DESIGN Buzz: Monday 23 Nov
Monday, 23 November 2015 @ | Braddon
Cost: $40 for general admission; $20 for students, please show student card at the door.
Date: Monday 23 November
Time: 7:00pm for a 7:30pm start
Venue: Ainslie Arts Centre
Address: 38 Elouera Street, Braddon
Bookings: Buy tickets online at www.bit.ly/designbuzz
Not quite a lecture and not quite a debate, DESIGN Buzz is an opportunity to discuss some of the big questions facing the world of design. This event series, held over two nights, will bring together some of the best designers, craftspeople and thinkers from across the world to share their thoughts on design in relation to issues including collaboration, place making, sustainability and the future.
Emcee: Helen O’Neil, Country Director at British Council Australia
Helen O’Neil has worked as an arts advocate, manager and director across the creative sector with a strong focus on building relationships and networks. She was recently Senior Adviser to the Australian Minister for the Arts, working on the national Creative Australia policy and has taught at the Australian Film Television and Radio School. Helen was Executive Director of the Australian Major Performing Arts Group and the Council for the Humanities, Arts and Social Sciences, Chair of the Confederation of Australian International Arts Festivals, and was a Director of the Film Finance Corporation. She moved into leadership and advocacy from positions in marketing and communications including with Opera Australia. She was a journalist for the ABC, later working on digital and broadband TV, including the Foxtel start-up for News.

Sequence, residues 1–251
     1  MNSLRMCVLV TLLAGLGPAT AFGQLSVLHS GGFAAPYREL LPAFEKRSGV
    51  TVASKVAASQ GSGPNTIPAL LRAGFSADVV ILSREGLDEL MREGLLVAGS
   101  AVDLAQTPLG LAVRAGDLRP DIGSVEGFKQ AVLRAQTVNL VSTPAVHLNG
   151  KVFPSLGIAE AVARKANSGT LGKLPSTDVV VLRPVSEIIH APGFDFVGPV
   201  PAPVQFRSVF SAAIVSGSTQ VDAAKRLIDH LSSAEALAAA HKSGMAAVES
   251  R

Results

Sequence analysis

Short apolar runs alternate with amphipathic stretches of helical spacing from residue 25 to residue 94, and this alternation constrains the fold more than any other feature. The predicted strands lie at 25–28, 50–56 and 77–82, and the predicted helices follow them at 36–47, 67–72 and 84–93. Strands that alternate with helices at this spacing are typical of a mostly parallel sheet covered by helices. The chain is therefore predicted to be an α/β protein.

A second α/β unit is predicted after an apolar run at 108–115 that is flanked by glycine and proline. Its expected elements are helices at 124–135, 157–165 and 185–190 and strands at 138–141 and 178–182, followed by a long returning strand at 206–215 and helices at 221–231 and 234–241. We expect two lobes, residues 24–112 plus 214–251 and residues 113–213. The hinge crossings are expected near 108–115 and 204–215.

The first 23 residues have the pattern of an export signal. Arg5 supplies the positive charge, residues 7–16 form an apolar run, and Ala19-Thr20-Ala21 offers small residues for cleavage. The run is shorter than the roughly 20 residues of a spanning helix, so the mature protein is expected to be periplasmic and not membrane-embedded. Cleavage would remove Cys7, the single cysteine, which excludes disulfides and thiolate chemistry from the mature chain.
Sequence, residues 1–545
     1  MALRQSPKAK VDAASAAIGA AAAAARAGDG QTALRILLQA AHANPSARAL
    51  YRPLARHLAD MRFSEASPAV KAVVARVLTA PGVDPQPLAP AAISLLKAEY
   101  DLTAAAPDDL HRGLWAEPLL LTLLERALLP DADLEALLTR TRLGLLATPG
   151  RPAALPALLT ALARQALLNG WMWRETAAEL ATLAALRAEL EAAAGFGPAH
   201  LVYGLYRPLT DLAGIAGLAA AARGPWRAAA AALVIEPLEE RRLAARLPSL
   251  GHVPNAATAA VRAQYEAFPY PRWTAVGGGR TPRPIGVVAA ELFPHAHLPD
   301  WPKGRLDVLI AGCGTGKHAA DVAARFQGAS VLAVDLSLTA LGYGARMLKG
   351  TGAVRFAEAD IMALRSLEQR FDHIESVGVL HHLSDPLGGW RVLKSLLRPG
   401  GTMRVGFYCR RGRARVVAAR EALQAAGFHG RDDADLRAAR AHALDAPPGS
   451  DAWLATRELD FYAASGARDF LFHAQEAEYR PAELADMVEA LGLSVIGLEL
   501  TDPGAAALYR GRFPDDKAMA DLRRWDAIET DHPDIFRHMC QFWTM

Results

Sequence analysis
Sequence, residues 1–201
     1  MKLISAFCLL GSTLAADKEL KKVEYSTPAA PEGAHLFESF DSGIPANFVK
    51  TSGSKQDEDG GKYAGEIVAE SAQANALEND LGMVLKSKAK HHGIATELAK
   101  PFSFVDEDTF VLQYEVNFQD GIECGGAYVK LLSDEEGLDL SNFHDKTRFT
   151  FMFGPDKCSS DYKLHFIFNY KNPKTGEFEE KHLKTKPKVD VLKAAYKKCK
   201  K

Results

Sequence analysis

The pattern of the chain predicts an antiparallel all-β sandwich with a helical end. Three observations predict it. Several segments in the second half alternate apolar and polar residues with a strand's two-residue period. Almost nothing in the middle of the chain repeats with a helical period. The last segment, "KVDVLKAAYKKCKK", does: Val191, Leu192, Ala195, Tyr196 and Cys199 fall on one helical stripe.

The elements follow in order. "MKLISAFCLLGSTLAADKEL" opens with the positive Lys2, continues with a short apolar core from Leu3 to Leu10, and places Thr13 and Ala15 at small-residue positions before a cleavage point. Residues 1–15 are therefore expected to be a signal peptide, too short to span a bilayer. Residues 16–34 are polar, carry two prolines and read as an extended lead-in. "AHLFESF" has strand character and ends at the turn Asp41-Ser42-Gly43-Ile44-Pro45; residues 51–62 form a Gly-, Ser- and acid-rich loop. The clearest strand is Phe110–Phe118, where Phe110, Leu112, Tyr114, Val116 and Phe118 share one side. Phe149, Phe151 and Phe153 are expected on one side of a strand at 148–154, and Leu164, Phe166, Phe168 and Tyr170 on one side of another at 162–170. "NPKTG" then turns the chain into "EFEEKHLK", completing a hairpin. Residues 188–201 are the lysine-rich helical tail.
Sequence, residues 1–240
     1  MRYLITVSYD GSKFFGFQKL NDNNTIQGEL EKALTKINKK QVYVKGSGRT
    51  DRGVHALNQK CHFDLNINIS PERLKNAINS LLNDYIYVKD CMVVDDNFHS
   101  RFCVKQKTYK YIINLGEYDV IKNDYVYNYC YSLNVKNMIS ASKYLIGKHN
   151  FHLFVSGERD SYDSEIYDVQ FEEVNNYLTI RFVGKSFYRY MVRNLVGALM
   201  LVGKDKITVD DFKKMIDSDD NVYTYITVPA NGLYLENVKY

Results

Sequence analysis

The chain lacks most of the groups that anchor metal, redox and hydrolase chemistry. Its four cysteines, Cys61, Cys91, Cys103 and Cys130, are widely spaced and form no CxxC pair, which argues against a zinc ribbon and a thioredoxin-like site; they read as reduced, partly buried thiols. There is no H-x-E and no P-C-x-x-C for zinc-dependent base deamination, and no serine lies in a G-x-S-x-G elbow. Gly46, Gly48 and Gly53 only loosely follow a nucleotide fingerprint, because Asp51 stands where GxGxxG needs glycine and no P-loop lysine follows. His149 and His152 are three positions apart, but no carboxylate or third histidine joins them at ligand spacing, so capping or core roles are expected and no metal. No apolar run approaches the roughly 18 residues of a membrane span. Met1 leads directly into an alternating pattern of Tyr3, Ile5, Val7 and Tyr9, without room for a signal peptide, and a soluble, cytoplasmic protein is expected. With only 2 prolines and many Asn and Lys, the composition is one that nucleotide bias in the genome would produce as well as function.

Speakers: Jeremy Lepisto, Lynda Roberts and Paul Gazzola